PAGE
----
Beggars in Spain
What does it say about me (or modern life) that when I read Judith Warner's column last week about the use of brain-enhancing drugs my first reaction was to wonder how one goes about getting some Provigil? (It's an anti-narcolepsy drug, which apparently allows one to maintain brain functionality in spite of sleep deprivation. And for the record, the only drug I'm actually taking is claritin.)
I'm not a scientist, and I don't know what the side effects of these drugs are. But a few months ago, after being up most of the night with one of the boys, I went to work, and was pretty fuzzy around the edges. And then I realized that I had spent a good two years or more in that kind of a fog every single day. And if someone had offered me a drug to make it go away (other than caffeine), I'm pretty sure I'd have jumped for it.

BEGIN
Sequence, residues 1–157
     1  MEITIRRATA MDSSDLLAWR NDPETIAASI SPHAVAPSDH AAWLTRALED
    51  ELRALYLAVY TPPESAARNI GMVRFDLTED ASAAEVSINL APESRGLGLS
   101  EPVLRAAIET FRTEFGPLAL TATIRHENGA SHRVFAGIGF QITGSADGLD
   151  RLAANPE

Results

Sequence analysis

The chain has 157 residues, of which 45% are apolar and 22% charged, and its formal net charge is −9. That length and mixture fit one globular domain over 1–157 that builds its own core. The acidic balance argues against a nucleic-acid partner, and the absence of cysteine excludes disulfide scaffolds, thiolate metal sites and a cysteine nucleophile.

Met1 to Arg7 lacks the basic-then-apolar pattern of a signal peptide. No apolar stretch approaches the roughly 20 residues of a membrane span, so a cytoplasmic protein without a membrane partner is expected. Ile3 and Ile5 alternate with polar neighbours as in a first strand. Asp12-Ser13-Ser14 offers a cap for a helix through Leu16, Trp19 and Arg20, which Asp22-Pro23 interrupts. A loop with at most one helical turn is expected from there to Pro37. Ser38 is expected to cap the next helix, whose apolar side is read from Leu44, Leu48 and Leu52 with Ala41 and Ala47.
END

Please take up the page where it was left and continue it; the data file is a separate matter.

If asprin were invented today, it would probably require a prescription — between its blood thinning action and the potential for Reye's syndrome, it's easy to make the case that it's too dangerous to be available without control. Caffeine is ubiquitous, but I could argue that it's as much of a mind-altering substance as Provigil or Ritalin. I think the editorial in Nature arguing for legalizing these drugs for people who aren't "ill" is pretty convincing.
*If you're wondering about the title, it's a reference to Nancy Kress' excellent sci-fi novel Beggars in Spain, where she explores what happens if some people are genetically engineered not to need sleep, and thus have an advantage over the rest of us. Pills are certainly more egalitarian than genetic modification.